If you’ve got happy memories of long car journeys occupied playing Nintendo’s Game & Watch series while your parents worried about the damage being done to your eyes, then you’ll have a soft spot for Pippin Barr’s new War Game. It uses the two-tone, glitchy aesthetic that harks back to those portable electronic LCD games—wonderfully digitized over at Pica Pic—that people of a certain age will remember fondly.
Barr—who previously created an 8-bit version of Marina Abramovic’s The Artist Is Present—has kept the premise, and action, pretty simple. There’s a war and you’re in it all on your lonesome defending yourself against the attacking enemy army. And Barr’s attention to detail means that the jerky movement of the characters and the lo-fi sounds from those old LCD games are replicated. But, this being war, nothing is as simple as it first appears. And so every time you die you get sent for psychic evaluation, where you’re asked questions like “Tell me about your mother.” But no matter what you say, with a futile inevitability you end up back on the battlefield.
Barr explains that the game started out as a homage to the LCD games. But because it dealt with war, a “shadow twin of ‘seriousness’” reared its head, posing reflections on the personnel caught up in war that he hadn’t initially considered. At least not explicitly, as he explains:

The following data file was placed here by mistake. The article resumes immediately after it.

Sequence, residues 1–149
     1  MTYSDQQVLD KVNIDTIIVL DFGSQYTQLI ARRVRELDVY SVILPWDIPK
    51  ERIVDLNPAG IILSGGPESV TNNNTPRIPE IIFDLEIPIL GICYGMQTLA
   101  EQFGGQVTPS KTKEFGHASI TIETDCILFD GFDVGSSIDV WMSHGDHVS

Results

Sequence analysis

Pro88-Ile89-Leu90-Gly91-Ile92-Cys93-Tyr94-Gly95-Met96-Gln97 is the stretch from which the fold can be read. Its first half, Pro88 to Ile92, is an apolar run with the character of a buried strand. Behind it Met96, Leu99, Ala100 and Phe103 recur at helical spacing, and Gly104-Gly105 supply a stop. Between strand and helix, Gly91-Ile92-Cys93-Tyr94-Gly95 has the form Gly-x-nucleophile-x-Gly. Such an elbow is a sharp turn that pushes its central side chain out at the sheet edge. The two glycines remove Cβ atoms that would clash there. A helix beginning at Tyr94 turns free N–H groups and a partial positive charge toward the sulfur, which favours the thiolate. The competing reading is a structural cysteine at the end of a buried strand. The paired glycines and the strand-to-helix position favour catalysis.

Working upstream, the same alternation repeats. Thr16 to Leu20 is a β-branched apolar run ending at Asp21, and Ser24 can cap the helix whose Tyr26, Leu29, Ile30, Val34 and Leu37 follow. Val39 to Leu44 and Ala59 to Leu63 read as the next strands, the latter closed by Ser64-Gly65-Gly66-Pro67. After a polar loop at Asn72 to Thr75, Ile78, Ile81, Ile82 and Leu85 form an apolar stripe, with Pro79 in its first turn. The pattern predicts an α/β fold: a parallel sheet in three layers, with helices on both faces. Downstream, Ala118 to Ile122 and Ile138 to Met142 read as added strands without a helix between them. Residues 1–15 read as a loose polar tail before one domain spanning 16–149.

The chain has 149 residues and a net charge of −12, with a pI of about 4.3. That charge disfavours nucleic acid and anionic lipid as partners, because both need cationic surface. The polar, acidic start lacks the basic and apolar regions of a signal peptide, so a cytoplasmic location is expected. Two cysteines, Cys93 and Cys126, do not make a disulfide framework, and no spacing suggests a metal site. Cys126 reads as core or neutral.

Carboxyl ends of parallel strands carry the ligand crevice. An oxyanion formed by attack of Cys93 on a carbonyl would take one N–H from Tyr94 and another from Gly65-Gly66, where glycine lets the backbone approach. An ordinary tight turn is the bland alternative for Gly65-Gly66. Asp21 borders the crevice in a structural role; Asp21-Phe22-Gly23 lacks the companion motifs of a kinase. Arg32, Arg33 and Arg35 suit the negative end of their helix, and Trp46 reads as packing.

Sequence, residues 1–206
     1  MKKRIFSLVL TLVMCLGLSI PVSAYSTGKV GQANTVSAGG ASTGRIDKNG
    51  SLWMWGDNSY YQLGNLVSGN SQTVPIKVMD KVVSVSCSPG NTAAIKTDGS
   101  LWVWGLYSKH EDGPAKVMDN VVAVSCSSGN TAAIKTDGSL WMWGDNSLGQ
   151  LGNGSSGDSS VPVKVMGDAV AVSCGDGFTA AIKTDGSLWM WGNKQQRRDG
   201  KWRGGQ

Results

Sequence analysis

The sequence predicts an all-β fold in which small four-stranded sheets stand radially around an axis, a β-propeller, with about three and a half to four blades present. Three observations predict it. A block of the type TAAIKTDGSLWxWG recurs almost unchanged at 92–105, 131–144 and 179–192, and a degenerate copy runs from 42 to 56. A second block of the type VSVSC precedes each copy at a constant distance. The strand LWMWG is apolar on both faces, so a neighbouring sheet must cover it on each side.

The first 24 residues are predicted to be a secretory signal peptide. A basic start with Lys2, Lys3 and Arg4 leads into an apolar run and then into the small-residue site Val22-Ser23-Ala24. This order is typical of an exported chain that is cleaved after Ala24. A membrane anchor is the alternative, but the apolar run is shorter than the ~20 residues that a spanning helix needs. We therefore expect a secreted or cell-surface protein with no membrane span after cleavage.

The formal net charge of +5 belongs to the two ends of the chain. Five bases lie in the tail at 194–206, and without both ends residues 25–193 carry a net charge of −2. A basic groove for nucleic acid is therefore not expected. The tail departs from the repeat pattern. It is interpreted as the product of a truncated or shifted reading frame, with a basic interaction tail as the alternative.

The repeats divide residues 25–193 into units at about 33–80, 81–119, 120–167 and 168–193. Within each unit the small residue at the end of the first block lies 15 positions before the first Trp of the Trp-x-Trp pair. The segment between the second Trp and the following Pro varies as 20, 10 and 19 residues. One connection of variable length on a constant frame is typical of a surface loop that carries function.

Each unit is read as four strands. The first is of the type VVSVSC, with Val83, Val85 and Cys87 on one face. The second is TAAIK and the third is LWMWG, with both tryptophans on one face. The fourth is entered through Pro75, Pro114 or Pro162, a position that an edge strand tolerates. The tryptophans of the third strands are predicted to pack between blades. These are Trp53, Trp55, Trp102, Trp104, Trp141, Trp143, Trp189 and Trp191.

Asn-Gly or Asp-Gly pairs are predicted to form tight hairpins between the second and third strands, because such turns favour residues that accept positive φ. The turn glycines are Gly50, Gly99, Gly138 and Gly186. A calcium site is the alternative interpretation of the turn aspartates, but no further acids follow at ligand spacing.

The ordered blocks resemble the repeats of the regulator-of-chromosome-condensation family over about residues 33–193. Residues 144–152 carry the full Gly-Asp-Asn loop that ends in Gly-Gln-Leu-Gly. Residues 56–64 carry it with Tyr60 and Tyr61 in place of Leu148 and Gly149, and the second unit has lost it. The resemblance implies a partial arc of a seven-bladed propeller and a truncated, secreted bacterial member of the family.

In some ways every decision I made about the game was for a kind of detached aesthetic effect. And yet each decision had this kind of shadow twin of “seriousness” that I tried to avoid looking at. But not looking doesn’t mean it’s not there. So, for instance, calling it War Game appealed to me in its blunt genericness. But calling it War Game also makes it sound weirdly highfalutin and falsely weighty—the final word on games about war, say. Likewise, the idea of have psych evaluations in a war game struck me as kind of amusing, a weird and jarring counter-point to the action-y nature those games tend to have. Except that there’s a shadow twin of making some kind of commentary on soldiers’ mental states and the attitude of the military toward their mental health. And on and on.
[ via The Verge]